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Don Jensen, a DSL reader who first started drag racing in California in 1950, interviewed Jack Hagemann (1916-2009) in 2007 about the early years of drag racing.Jack told him about drag racing that happened in Alameda from 1931-33.Howard Stamp was killed when his throttle stuck while trying to slow down from a 157 MPH run.He tried to do a broadside skid, but his car overturned. Cheatham had been a frequent winner at Northern California drag strips over the course of several years.There was parking for 15,000, but the quality of paving was poor from the very start.The race track closed when the racing surface deteriorated to the point of being unusable.In 1955, they held the two-day event again, seen by 6,000 spectators, calling it the California Championship.Over the years, five drivers have died in accidents at Bakersfield, the first occurring on December 1, 1957.

Contemporary newspapers reported it was three miles east of the Nut Tree Restaurant off Highway 40 near Vacaville.The Bakersfield Smokers Timing Association conducted the first 1/4-mile drag race on September 9, 1951.In the first season, drag races were held 25 miles south of Bakersfield on Highway 99 to Mettler Station, then seven miles west on the Maricopa Cutoff.On January 4, 1959, Art Chrisman set a new track record in the Chrisman-Cannon dragster with a run of 174.41 MPH and 8.77 ET.DSL reader Don Jensen, who first drag raced in California in 1950 , recalled: "Scott's valley (Santa Cruz) [ran] at least twice [in] 1949." Scott's Valley was between San Jose and Santa Cruz, but closer to the latter.Another early casualty was Sunnyvale's Jay Cheatham, who was killed in a fatal accident during the first U. Bill Crossley, driving Ernie Hashim's dragster, ripped off a strip-record 170.45 MPH run on August 3, 1958, becoming the "first man in the history of western drag strip racing to reach the 170 mph mark." (Bakersfield Californian, Aug.4, 1958) Of course, Don Garlits had set a national record in June 1958 at Kissimmee with a clocking of 171.42 MPH, but West Coast racers were dubious.Among the growing number of drag strips in Southern California, it was reportedly the "widest and cleanest." Early entry fees were 60 cents for spectators and

Contemporary newspapers reported it was three miles east of the Nut Tree Restaurant off Highway 40 near Vacaville.

The Bakersfield Smokers Timing Association conducted the first 1/4-mile drag race on September 9, 1951.

In the first season, drag races were held 25 miles south of Bakersfield on Highway 99 to Mettler Station, then seven miles west on the Maricopa Cutoff.

On January 4, 1959, Art Chrisman set a new track record in the Chrisman-Cannon dragster with a run of 174.41 MPH and 8.77 ET.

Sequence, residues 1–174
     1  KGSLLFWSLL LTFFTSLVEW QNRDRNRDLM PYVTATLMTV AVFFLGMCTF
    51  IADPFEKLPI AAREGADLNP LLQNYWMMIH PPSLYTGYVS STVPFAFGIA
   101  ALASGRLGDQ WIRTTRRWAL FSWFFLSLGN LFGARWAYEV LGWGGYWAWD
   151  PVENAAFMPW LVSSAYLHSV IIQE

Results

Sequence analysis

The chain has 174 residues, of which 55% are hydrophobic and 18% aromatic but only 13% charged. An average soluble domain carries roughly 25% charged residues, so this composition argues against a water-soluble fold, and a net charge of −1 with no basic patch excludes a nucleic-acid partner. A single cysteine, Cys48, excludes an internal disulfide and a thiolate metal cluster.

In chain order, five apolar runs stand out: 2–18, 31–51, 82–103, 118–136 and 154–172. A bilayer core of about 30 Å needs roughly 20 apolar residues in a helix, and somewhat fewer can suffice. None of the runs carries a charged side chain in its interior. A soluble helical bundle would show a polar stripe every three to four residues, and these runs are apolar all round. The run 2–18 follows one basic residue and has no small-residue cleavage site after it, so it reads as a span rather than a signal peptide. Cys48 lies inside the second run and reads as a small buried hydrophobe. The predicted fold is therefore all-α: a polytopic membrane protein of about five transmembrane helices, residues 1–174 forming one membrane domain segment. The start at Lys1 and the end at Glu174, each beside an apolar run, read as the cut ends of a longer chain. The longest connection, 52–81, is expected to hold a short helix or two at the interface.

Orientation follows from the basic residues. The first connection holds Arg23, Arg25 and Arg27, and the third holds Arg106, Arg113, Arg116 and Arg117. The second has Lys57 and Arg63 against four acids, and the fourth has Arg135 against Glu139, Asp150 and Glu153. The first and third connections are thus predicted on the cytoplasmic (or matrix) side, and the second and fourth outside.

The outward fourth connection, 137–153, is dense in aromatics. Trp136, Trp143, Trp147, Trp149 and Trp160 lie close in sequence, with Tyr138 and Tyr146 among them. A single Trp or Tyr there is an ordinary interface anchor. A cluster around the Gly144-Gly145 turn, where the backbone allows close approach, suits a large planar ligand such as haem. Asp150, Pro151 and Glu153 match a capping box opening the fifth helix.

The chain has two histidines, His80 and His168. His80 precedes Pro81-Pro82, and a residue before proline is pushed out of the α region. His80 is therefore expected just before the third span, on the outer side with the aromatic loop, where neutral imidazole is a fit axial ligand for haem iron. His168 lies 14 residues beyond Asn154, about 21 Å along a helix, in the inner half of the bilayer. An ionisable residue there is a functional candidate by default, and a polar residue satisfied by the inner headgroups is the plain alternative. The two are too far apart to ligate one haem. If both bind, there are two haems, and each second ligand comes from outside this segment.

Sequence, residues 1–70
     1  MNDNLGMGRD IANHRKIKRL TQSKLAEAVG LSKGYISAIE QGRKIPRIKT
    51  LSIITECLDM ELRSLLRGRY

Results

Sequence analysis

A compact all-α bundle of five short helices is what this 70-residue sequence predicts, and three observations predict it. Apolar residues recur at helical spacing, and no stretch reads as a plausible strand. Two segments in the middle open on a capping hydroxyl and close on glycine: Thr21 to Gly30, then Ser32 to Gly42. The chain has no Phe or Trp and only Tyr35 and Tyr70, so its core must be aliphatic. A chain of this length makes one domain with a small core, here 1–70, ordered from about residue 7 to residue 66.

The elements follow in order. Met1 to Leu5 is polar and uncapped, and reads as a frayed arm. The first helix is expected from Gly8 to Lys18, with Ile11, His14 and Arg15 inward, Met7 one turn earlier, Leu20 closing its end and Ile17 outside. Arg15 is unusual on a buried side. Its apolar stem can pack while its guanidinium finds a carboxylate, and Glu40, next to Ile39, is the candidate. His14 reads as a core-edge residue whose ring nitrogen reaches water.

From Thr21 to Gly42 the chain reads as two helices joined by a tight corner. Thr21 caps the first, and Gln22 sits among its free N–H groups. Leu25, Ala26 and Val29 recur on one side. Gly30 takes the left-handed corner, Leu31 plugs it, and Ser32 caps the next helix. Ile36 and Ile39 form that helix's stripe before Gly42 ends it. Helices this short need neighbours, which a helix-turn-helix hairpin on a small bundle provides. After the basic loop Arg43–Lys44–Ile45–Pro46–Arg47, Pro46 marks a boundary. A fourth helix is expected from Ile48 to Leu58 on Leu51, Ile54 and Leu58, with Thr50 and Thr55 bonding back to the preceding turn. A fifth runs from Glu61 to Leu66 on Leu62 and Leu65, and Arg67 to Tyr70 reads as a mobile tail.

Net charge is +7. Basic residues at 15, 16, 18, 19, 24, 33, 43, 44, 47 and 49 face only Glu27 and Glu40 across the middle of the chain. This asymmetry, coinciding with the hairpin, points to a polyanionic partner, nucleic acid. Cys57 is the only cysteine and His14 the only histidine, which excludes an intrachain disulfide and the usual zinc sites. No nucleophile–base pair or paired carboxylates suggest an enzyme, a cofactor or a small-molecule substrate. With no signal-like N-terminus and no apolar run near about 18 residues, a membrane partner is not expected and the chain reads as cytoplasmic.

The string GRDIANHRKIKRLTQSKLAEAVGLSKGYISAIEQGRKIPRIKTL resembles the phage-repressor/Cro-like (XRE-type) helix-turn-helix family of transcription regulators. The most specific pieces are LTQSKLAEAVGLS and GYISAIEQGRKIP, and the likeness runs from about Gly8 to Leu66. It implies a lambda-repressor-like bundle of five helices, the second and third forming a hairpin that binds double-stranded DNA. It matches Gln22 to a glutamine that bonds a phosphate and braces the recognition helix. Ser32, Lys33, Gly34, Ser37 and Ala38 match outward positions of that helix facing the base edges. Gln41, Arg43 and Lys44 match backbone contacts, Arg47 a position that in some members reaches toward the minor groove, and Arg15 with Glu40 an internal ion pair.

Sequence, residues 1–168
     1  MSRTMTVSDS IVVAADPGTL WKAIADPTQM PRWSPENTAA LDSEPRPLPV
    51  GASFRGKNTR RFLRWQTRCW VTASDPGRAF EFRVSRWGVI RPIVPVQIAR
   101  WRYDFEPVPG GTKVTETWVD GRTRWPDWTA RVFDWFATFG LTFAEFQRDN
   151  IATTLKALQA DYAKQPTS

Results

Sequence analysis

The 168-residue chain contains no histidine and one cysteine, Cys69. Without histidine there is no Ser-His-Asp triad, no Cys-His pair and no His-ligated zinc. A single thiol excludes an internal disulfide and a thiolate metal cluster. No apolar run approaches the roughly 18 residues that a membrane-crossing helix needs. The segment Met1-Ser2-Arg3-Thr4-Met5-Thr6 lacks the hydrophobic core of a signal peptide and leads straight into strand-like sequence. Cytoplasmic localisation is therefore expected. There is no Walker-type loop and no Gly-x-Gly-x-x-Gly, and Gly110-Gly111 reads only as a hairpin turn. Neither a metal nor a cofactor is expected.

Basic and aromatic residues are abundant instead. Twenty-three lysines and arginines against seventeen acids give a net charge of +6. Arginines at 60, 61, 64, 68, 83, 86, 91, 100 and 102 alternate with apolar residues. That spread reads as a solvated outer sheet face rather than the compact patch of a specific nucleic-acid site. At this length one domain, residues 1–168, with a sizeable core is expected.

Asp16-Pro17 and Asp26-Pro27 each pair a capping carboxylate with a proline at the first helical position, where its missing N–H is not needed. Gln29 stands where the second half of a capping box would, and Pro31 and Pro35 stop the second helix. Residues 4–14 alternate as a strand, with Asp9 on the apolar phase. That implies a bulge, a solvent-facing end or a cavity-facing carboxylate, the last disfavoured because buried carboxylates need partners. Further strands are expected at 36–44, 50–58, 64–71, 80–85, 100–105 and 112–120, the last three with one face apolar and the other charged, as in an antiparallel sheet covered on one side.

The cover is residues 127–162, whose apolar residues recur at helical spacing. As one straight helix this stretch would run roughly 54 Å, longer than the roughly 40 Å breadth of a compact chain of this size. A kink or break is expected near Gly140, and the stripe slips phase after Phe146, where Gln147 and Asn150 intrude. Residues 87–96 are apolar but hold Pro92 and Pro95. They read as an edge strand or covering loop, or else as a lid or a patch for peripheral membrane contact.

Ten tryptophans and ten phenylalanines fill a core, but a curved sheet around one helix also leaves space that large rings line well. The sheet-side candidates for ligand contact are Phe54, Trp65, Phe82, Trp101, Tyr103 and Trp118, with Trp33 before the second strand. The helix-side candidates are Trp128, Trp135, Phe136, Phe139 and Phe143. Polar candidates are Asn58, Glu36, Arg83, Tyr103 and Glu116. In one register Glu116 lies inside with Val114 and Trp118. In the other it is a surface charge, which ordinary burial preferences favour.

DSL reader Don Jensen, who first drag raced in California in 1950 , recalled: "Scott's valley (Santa Cruz) [ran] at least twice [in] 1949." Scott's Valley was between San Jose and Santa Cruz, but closer to the latter.

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Contemporary newspapers reported it was three miles east of the Nut Tree Restaurant off Highway 40 near Vacaville.The Bakersfield Smokers Timing Association conducted the first 1/4-mile drag race on September 9, 1951.In the first season, drag races were held 25 miles south of Bakersfield on Highway 99 to Mettler Station, then seven miles west on the Maricopa Cutoff.On January 4, 1959, Art Chrisman set a new track record in the Chrisman-Cannon dragster with a run of 174.41 MPH and 8.77 ET.DSL reader Don Jensen, who first drag raced in California in 1950 , recalled: "Scott's valley (Santa Cruz) [ran] at least twice [in] 1949." Scott's Valley was between San Jose and Santa Cruz, but closer to the latter.Another early casualty was Sunnyvale's Jay Cheatham, who was killed in a fatal accident during the first U. Bill Crossley, driving Ernie Hashim's dragster, ripped off a strip-record 170.45 MPH run on August 3, 1958, becoming the "first man in the history of western drag strip racing to reach the 170 mph mark." (Bakersfield Californian, Aug.4, 1958) Of course, Don Garlits had set a national record in June 1958 at Kissimmee with a clocking of 171.42 MPH, but West Coast racers were dubious.Among the growing number of drag strips in Southern California, it was reportedly the "widest and cleanest." Early entry fees were 60 cents for spectators and $1-$2 for race vehicles.Race events during the first year of operation regularly attracted 100 racers and over 2,000 spectators. Ernie Hashim was a frequent winner in the early years.Jensen wrote DSL: "A paved road ran west from Webster St. The Oakland auto club ran drags there, no timing or classes.They were not bothered by cops as it was private property!

- for race vehicles.Race events during the first year of operation regularly attracted 100 racers and over 2,000 spectators. Ernie Hashim was a frequent winner in the early years.Jensen wrote DSL: "A paved road ran west from Webster St. The Oakland auto club ran drags there, no timing or classes.They were not bothered by cops as it was private property!

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